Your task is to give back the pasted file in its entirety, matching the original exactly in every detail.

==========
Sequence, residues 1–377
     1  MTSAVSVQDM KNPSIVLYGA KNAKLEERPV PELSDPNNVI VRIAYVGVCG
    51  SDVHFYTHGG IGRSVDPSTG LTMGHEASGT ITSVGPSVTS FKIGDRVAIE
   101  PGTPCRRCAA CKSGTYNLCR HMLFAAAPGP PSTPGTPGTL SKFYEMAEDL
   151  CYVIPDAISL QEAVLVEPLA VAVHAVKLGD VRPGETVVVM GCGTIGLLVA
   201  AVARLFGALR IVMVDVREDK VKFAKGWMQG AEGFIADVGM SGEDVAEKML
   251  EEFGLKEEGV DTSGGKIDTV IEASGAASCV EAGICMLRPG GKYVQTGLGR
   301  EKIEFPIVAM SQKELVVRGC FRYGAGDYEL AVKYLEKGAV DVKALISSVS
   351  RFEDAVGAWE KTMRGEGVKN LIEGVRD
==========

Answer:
Sequence, residues 1–377
     1  MTSAVSVQDM KNPSIVLYGA KNAKLEERPV PELSDPNNVI VRIAYVGVCG
    51  SDVHFYTHGG IGRSVDPSTG LTMGHEASGT ITSVGPSVTS FKIGDRVAIE
   101  PGTPCRRCAA CKSGTYNLCR HMLFAAAPGP PSTPGTPGTL SKFYEMAEDL
   151  CYVIPDAISL QEAVLVEPLA VAVHAVKLGD VRPGETVVVM GCGTIGLLVA
   201  AVARLFGALR IVMVDVREDK VKFAKGWMQG AEGFIADVGM SGEDVAEKML
   251  EEFGLKEEGV DTSGGKIDTV IEASGAASCV EAGICMLRPG GKYVQTGLGR
   301  EKIEFPIVAM SQKELVVRGC FRYGAGDYEL AVKYLEKGAV DVKALISSVS
   351  RFEDAVGAWE KTMRGEGVKN LIEGVRD